Saturday, June 25, 2011
Shifting Clouds: Organza
I keep thinking I must have written about Givenchy's Organza. It's one of my favorites - even though, until recently, I didn't wear it all that much. Weeks ago, a friend discovered a tiny bottle, probably 5 ml at most, in a flea market, and he wore it so much I was compelled to bring my bottle out of effective retirement. Suddenly, I saw Organza in a different light, the way you do when you watch a favorite movie with someone who's never seen it before. I appreciated it more, and saw some of its qualities more clearly.
I always liked Organza - creamy, rich, and long lasting, it's pretty hard not to like. But when I bought a bottle a few years ago, it was only an ounce or so. My friend loves Organza, along with Poison and Moschino de Moschino - and his signature, Chanel Egoiste - and it smells so fantastic on him (everything seems to) that I hated to see him dabbing rather than spraying, so I gave him my bottle, and I went looking for another one.
The bottle I gave him is older, and my bias against reformulations led me to assume it must be better than the current version. I was surprised to learn that whatever they're currently stocking is just as good, if not a little better, than the original. That's not the case with the fragrance's flanker, Organza Indecence, which is still nice these days but less in some indefinable way than it was. Weirdly, Organza doesn't seem as robust now but projects with more presence and seems to last even longer than the old stuff, which is muskier but moves more quickly through its development, if something as linear as Organza can be said to develop. The latest Organza envelops you in a mood, permeating your outlook all day.
Organza was created in 1996 by Sophie Labbe. That surprised me too. Labbe isn't one of my favorites. In fact, there isn't much of anything she's done that I would recommend. The last thing she did that I smelled, Calvin Klein Beauty, was..what it was: a clean, musky floral with all the presence of a raw peanut. Nice enough for a Christmas gift - unlikely to offend anyone; it was a bit like giving your father a striped tie or a winter scarf (guilty, by the way), beige or camel colored, the kind of thing he wouldn't cry too much over if he left it behind after dinner at the restaurant. He might not even run back for it. Labbe's Parisienne, for YSL, left me kind of cranky. Why mess with perfection? Like Belle d'Opium, Parisienne seemed like some kind of vandalism: like Jean Luc Godard remaking Breathless as Porky's, although I suspect someone like Godard would have made the material a little more interesting, if not exactly re-inventing the wheel in the process.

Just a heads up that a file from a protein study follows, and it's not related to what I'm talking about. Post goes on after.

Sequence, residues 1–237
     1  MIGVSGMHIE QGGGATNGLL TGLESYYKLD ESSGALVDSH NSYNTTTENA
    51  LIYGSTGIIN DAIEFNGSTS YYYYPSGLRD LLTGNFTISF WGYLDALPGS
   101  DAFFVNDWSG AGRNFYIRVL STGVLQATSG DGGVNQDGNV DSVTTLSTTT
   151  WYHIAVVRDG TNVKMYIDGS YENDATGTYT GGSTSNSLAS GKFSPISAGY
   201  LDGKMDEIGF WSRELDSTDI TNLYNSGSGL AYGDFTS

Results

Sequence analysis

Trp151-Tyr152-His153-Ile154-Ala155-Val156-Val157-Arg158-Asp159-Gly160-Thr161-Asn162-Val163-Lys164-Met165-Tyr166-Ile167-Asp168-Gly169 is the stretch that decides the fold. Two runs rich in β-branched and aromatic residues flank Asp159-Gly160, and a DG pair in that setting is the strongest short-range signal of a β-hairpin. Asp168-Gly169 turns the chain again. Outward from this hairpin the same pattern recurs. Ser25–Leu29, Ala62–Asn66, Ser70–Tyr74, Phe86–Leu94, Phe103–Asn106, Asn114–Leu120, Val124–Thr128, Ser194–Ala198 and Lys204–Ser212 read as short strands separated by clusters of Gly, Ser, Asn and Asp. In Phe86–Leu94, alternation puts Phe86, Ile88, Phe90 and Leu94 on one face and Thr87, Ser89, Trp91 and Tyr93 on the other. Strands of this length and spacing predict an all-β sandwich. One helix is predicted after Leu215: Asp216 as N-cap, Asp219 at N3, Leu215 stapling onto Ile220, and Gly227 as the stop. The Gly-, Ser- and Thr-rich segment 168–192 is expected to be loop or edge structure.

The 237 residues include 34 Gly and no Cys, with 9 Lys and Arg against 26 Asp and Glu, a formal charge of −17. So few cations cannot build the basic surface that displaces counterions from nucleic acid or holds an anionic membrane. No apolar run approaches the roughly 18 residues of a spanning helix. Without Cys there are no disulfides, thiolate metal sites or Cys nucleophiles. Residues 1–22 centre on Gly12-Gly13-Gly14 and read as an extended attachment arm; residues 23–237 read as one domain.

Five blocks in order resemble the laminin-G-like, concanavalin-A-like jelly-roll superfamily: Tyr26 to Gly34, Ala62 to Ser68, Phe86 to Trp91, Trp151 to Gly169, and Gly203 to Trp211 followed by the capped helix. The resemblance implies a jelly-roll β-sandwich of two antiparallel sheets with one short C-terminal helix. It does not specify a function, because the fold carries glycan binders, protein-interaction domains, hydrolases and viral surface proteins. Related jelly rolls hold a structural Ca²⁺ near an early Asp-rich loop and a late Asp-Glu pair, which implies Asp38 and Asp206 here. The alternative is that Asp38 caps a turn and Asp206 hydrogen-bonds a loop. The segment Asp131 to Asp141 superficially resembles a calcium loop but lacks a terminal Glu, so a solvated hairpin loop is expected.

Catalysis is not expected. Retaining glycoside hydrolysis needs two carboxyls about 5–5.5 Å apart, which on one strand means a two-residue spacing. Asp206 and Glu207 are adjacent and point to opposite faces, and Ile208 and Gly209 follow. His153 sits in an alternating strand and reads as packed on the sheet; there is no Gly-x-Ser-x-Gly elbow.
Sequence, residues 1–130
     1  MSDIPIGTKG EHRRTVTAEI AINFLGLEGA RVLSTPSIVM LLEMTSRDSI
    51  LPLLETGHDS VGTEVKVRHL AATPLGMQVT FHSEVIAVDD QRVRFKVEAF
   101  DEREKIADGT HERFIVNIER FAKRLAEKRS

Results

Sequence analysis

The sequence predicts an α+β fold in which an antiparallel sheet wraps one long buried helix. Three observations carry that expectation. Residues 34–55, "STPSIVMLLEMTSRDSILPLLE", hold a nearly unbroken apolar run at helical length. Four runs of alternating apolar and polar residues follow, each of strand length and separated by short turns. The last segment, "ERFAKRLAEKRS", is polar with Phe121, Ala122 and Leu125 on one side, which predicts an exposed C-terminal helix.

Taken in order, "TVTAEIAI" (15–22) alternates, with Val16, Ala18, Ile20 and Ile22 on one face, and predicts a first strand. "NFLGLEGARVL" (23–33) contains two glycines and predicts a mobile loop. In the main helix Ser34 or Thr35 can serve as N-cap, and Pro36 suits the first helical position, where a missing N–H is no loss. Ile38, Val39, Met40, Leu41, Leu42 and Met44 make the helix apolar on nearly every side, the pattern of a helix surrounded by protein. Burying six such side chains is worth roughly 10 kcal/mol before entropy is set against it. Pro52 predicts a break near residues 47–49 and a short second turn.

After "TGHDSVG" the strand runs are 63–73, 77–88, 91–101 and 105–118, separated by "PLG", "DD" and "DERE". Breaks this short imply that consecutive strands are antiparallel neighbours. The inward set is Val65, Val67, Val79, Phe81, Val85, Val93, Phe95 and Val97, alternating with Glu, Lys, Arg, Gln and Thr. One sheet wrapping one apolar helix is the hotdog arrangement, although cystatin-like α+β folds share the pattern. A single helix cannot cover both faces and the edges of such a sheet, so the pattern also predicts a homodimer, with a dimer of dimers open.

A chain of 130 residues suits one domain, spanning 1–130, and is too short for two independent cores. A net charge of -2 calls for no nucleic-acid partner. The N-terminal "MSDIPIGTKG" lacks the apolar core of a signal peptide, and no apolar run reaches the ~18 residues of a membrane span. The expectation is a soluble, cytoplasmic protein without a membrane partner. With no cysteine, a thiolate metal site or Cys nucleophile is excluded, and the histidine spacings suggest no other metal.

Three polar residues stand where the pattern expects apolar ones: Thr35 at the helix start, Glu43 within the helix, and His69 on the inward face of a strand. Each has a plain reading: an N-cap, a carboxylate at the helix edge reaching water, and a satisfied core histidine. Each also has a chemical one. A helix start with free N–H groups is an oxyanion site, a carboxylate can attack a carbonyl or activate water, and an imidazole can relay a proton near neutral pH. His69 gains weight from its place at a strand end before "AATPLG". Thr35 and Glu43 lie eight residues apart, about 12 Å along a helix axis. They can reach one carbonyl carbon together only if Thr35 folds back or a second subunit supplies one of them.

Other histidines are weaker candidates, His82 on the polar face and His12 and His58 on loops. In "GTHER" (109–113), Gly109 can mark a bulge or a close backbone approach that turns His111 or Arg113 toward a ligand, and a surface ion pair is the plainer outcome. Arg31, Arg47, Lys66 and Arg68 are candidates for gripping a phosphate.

The thing you notice most about Organza - which might just be a lie of the mind, an illusion created by the color of the "juice" and the name itself - is an odd impression of oranges, odd because there's nothing the least bit citrus about the fragrance. The notes list orange blossom, but orange blossom doesn't smell like oranges, nor does Bergamot really, which is also listed. The effect resembles Anne Pliska, another deceptive use of orange - though the two fragrances are otherwise pretty dissimilar.
That orangey impression never really wanes for me, though the floral heart makes itself known from the beginning and only deepens as the top notes recede. Nothing really recedes, I guess, in Organza. You just become aware of different things the longer you spend time in it. The orange is abundantly creamy. The florals - gardenia, honeysuckle, tuberose, ylang ylang, jasmine - are even creamier. Organza is sweet - and gourmand - but doesn't feel sugared or foody. It feels slightly old fashioned - perhaps because it's so rich and expansive - and big boned, like another creamy floral, 24 Faubourg (by Hermes), but the sweetened aspects make it feel distinctly contemporary at the same time.
Some of the sweetness - maybe a lot of it - can probably be pinned on the vanilla. There's quite a lot of it in Organza, but, again, it's so perfectly balanced with the florals and a dash of nutmeg that it feels inseparable from them. Smelling Organza, I would never think "floral", either, whereas with Faubourg you can't think anything else. The base isn't really much of a base, as when Organza "dries down" it remains consistent with its initial impression. The base is more like a coat the fragrance is wearing. In addition to the vanilla, it includes amber, cedar, and sandalwood. There's the faintest woodiness to Organza. It's an amazing construction, this thing. You regard it the way you do the sky, amazed at something so huge and wondrously constellated, its slow-moving clouds constantly shifting into the subtle shapes of only vaguely recognizable things.
I have way too many perfumes. I make it a policy not to say just how many. The point is I have no business getting anything larger than 50 ml. Eventually, it will run me out of house and home. Were I a more practical, sensible person, I would buy decants, or travel sprays. Lately, though, I've been drunk on the way a big brick of a fragrance feels in the hand. Case in point: those older, slender Chanel chunk bottles (what's dreamier than something called Cristalle in a container which strikes you as a fortress?) I bought a bottle of Organza that is so enormous and formidable it feels like a staggeringly tall building on a busy street corner. I can't help myself. Nothing equals the feeling of a bottle like that, or matches so perfectly the scale a fantastic fragrance like Organza dictates on your fantasies.